The Right Questions Get Others to Convince Themselves You’re Right
Dan Pink explains how to use a couple of questions to help another person persuade themselves that you’re right.
It’s not quite a trick, but it sure works: Asking the right questions. Questions can be the difference between stating what you think someone should think or letting them come up their own good reasons for doing so.
Management consultant Dan Pink says, “The key here is that we tend to think that persuasion or motivation is something that one person does to another” when in fact, the trick is to get the person to persuade themselves. That’s where the questions come in.
As a parent of a teenager who could have been the one Pink describes, I’d say there could scarcely be a more perfect example of impenetrable intransigence. And yet, after years of fruitless begging, mine has decided — for her own reasons — to keep her room clean, thus proving Pink’s premise that her parents’ reasons were never really the point.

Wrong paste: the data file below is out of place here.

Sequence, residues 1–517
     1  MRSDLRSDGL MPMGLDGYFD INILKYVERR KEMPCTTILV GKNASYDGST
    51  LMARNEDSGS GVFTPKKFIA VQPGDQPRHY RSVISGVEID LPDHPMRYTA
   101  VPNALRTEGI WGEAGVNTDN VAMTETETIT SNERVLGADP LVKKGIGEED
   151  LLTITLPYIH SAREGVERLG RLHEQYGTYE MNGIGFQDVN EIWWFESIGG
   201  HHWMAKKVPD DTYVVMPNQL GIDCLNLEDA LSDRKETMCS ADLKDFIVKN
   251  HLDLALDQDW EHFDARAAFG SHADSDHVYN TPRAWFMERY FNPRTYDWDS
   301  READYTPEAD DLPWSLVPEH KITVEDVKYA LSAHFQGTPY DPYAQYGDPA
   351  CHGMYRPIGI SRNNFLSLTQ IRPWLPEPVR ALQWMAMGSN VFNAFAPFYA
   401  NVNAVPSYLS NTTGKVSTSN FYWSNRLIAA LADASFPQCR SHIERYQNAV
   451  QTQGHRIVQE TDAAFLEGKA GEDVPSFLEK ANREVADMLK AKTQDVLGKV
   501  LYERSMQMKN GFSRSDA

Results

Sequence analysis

Persuasion is always about building agreement using the other person’s point of view, not simply insisting on what we think. If you ask a question that interests them, they’re immediately engaged. With their answer as the foundation of your followup, you’ve got a real chance at changing a mind.
Headline image: VECTORWORKS_ENTERPRISE
- The EAST reactor was able to heat hydrogen to temperatures exceeding 100 million degrees Celsius.
- Nuclear fusion could someday provide the planet with a virtually limitless supply of clean energy.
- During the Vietnam War, Robert McNamara began a program called Project 100,000.
- Women and nonwhite candidates made record gains in the 2018 midterms.
- In total, almost half of the newly elected Congressional representatives are not white men.
SMARTER FASTER trademarks owned by The Big Think, Inc. All rights reserved.